I always say….”there are dog people—and then there are bad people.” I can absolutely understand not owning a llewellin setter if you don’t hunt and or don’t have lots of space for the dog to run and hunt on it’s own around your home (property) but for those of us who view our dogs as an extension of ourselves…. well— then, you have found a great place to hang out online and read about amazing dogs with amazing abilities that are at the center of a dog person’s world.
Three things that warm my heart are: a llewellin setter giving me a hug, a llewellin setter snuggled against my body while I’m in bed watching a movie and a llewellin setter fiercely on a stunning point rock solid and as sure as the day is long. What do these things all have in common— a llewellin setter.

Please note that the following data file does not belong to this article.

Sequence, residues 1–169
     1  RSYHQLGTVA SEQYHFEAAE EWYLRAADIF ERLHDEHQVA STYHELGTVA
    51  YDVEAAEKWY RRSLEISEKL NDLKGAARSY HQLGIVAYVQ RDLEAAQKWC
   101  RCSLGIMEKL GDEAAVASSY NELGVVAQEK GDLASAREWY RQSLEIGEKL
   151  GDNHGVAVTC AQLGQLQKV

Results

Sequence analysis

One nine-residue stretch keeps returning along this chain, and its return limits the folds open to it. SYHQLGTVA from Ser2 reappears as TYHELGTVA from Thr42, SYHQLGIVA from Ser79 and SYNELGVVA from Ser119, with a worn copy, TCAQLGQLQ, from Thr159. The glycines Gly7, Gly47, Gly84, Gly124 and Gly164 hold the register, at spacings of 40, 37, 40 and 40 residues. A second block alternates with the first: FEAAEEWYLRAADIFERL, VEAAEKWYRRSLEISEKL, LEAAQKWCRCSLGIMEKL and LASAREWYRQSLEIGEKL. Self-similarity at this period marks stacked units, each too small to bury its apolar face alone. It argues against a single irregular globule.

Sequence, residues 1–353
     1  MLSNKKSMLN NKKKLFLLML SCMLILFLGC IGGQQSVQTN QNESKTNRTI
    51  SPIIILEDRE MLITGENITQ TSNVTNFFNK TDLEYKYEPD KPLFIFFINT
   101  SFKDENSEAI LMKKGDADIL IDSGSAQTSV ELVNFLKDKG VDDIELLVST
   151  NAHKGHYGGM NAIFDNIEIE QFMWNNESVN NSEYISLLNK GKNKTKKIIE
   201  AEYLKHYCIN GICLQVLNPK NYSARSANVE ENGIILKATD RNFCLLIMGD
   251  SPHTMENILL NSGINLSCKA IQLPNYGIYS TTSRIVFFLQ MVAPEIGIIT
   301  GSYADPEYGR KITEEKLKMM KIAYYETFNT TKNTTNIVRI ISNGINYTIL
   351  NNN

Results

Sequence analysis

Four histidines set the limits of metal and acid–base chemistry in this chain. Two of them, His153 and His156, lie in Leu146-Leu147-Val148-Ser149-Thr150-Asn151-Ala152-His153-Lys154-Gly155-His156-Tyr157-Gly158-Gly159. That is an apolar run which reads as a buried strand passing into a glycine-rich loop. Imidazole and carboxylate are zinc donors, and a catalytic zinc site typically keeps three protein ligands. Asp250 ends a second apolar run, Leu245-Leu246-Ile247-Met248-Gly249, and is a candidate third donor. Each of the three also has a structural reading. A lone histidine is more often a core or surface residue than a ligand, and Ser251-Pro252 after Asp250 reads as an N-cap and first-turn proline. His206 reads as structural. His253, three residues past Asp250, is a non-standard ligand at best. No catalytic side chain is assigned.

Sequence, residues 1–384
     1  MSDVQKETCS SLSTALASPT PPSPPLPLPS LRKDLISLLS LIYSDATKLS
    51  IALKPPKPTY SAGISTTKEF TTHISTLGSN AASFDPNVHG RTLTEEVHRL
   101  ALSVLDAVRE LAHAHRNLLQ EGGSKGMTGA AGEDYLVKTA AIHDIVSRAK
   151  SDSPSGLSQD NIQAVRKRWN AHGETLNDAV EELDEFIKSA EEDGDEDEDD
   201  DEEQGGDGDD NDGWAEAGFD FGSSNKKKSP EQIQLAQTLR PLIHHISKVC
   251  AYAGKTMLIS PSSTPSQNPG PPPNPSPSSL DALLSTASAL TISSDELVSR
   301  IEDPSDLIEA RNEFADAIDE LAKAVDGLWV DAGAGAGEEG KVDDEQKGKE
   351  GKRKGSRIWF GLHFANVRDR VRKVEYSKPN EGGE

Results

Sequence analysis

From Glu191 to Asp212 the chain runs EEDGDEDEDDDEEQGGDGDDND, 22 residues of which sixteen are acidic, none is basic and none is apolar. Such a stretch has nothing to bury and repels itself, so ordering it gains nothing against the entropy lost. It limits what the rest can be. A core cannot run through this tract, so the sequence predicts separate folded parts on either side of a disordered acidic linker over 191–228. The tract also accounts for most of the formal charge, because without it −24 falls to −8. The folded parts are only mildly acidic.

My first hunting season in the U.P. with my young llews could not have been more fruitful for both the dogs and myself. Nearly every time I came out of the woods from a hunt for a couple hours with one of my dogs or running a brace with Scott Lazur of Laurel Mtn. Lllewellin Setters with one of his dogs I pretty much always came out of the woods glassy eyed because it’s just so beautiful to watch these dogs do what they were born to do and do it with such style, with such grace and with such tenacity. I wear my heart on my sleeve but these dogs in incredible wilderness were just the song this country boy has been yearning for his whole life. There was no time, no place…. nothing…. ever…. that made me feel more at peace, more happy nor more excited than these few weeks of watching my kids do what they were born with. Here are some more photos that you can see for your own viewing pleasure.